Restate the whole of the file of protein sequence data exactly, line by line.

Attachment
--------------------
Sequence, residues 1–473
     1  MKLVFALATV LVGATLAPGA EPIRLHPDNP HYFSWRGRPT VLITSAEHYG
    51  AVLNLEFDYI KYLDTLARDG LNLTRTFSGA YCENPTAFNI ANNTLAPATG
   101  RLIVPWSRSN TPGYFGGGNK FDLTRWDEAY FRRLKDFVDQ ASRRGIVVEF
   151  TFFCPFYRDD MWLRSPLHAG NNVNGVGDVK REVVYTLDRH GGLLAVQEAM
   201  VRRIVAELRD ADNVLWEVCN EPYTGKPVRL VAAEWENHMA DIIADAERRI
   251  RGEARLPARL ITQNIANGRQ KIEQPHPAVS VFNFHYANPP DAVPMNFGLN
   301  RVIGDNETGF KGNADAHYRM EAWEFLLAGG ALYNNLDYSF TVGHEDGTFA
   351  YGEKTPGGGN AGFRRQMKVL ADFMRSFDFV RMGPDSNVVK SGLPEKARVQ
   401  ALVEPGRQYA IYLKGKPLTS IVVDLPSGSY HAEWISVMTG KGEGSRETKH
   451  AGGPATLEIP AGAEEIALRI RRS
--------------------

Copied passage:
Sequence, residues 1–473
     1  MKLVFALATV LVGATLAPGA EPIRLHPDNP HYFSWRGRPT VLITSAEHYG
    51  AVLNLEFDYI KYLDTLARDG LNLTRTFSGA YCENPTAFNI ANNTLAPATG
   101  RLIVPWSRSN TPGYFGGGNK FDLTRWDEAY FRRLKDFVDQ ASRRGIVVEF
   151  TFFCPFYRDD MWLRSPLHAG NNVNGVGDVK REVVYTLDRH GGLLAVQEAM
   201  VRRIVAELRD ADNVLWEVCN EPYTGKPVRL VAAEWENHMA DIIADAERRI
   251  RGEARLPARL ITQNIANGRQ KIEQPHPAVS VFNFHYANPP DAVPMNFGLN
   301  RVIGDNETGF KGNADAHYRM EAWEFLLAGG ALYNNLDYSF TVGHEDGTFA
   351  YGEKTPGGGN AGFRRQMKVL ADFMRSFDFV RMGPDSNVVK SGLPEKARVQ
   401  ALVEPGRQYA IYLKGKPLTS IVVDLPSGSY HAEWISVMTG KGEGSRETKH
   451  AGGPATLEIP AGAEEIALRI RRS